the diameter of the trunk 1 ft., and of the head 19 ft. In France, at Ermenonville, in the Isle of Poplars, are several 80 ft. high. In Belgium, at Ghent, in the Botanic Garden, 80 ft. high. In Saxony, at Wörlitz, 60 years old, it is 60 ft. high, with a trunk 14 ft. in diameter. In Bavaria, at Munich, in the English Garden, 25 years old, it is 45 ft. high, the diameter of the trunk 12 in., and of the head 10 ft. In Prussia, at Berlin, in the Botanic Garden, 60 years old, it is 60 ft. high, with a trunk 2nt. in diameter. In Italy, in Lombardy, at Monza, 40 years old, it is 90 ft. high, the diameter of the trunk 2 ft., and of the head 10 ft.; at Belgiosa, near Pavia, 80 years planted, it is 70 ft. high, the diameter of the trunk 2 ft. 7 in.

Commercial Statistics. Plants, from 5 ft. to 6 ft. in height, are 8s. per hundred in the London nurseries; at Bollwyller, from 50 to 60 cents each.

1 12. P. ANGULA'TA Ait. The angled-branched, or Carolina, Poplar. Identification. Ait. Hort. Kew., ed. 1., 3. p. 407., ed. 2., 5. p. 396. ; Michx. Arb., 3. ; North Amer.

Sylva, 2. p. 224. ; Pursh Fl. Amer. Sept., 2. p. 619.; Lodd. Cat., ed. 1836.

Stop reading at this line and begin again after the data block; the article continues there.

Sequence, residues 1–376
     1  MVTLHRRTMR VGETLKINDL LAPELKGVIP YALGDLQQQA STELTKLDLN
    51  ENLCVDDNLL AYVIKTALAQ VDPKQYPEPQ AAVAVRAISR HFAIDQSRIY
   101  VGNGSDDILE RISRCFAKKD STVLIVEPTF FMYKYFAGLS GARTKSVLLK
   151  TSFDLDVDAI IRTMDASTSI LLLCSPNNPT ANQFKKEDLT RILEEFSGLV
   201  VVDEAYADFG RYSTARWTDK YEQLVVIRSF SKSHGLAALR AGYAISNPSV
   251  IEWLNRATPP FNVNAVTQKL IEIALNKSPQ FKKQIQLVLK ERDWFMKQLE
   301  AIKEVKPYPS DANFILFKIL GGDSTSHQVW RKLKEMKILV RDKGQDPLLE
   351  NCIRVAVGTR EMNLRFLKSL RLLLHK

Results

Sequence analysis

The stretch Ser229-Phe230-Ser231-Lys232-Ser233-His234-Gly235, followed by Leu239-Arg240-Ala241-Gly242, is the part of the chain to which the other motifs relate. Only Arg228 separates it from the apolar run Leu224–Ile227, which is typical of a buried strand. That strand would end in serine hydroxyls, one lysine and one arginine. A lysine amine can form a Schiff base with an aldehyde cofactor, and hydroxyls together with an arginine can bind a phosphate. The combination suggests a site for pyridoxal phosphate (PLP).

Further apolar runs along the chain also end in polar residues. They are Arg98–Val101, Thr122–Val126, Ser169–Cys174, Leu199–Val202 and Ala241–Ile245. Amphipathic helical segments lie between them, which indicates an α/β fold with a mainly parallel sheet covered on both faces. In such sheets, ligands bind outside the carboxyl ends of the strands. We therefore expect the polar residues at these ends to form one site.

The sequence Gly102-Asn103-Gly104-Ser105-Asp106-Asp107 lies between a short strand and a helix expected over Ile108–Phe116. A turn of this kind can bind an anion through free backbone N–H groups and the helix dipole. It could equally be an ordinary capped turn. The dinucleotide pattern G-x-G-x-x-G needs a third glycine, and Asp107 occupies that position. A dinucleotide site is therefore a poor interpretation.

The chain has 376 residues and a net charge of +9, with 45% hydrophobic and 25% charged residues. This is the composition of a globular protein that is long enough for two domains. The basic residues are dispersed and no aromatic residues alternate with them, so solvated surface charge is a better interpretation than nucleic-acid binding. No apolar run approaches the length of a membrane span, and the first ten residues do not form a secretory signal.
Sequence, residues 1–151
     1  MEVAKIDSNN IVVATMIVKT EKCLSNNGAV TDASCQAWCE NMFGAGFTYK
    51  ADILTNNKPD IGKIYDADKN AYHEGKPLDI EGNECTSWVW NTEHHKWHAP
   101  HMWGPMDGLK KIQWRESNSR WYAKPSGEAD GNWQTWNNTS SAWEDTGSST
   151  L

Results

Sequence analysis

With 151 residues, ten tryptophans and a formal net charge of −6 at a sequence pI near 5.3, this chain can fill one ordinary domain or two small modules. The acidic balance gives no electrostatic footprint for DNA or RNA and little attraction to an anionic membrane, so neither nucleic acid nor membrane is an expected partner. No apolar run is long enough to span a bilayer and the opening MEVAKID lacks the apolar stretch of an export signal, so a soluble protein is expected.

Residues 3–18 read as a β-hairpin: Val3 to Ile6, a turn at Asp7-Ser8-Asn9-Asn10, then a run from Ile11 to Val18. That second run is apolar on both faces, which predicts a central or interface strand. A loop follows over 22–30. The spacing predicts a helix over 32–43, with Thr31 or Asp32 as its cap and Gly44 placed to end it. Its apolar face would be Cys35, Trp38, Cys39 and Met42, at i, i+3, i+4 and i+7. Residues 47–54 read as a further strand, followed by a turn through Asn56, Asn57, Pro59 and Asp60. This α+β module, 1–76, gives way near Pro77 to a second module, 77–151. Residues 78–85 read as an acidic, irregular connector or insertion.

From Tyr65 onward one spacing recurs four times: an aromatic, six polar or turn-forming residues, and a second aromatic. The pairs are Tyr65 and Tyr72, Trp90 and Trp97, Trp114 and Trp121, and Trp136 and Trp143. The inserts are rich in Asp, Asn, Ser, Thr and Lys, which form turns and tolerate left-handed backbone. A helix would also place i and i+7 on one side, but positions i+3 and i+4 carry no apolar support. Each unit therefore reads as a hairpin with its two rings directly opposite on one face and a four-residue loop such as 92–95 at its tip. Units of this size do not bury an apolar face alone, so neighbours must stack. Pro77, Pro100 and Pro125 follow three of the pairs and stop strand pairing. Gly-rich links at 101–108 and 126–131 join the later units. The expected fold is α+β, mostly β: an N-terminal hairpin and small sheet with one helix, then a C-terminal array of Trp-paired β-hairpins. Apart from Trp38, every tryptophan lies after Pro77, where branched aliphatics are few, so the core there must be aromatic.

Synonymes. P. anguldsa Michu. Fl. Bor. Amer., 2. p. 243. ; P. heterophylla Du Roi Harbk., 2.

P. 150., Mænch Weissenst., 80., Wangenk. Amer., 85.; P. macrophylla Lodd. Cat., edit. 1836; P. balsamifera Mill. Dict., No. 5.; Mississippi Cotton Tree, Amer. The Sexes. A plant at Ampton Hal, Suffolk, and one in the London Horticultural Society's arboretum, are both of the male sex. Michaux the elder has briefly described the flowers of both sexes, in his Fl. Bot. Amer., but, as Michaux the son states, in his North Amer. Sylva, that his father had confounded P. angulata and P. canadensis together in his Flora, we cannot be sure that the part descriptive of the dowers under P. angulata relates to this. It is given below, in the supposition that it may. Engravings. Michx. Arb., 3. t. 12.; North Amer. Sylva, 2. t. 94.; Du Ham. Arb., 2. t. 39. f. 9. ; Catesb. Carol., 1. t. 99. ; our fig. 1533. ; and the plates of this tree in our last Volume.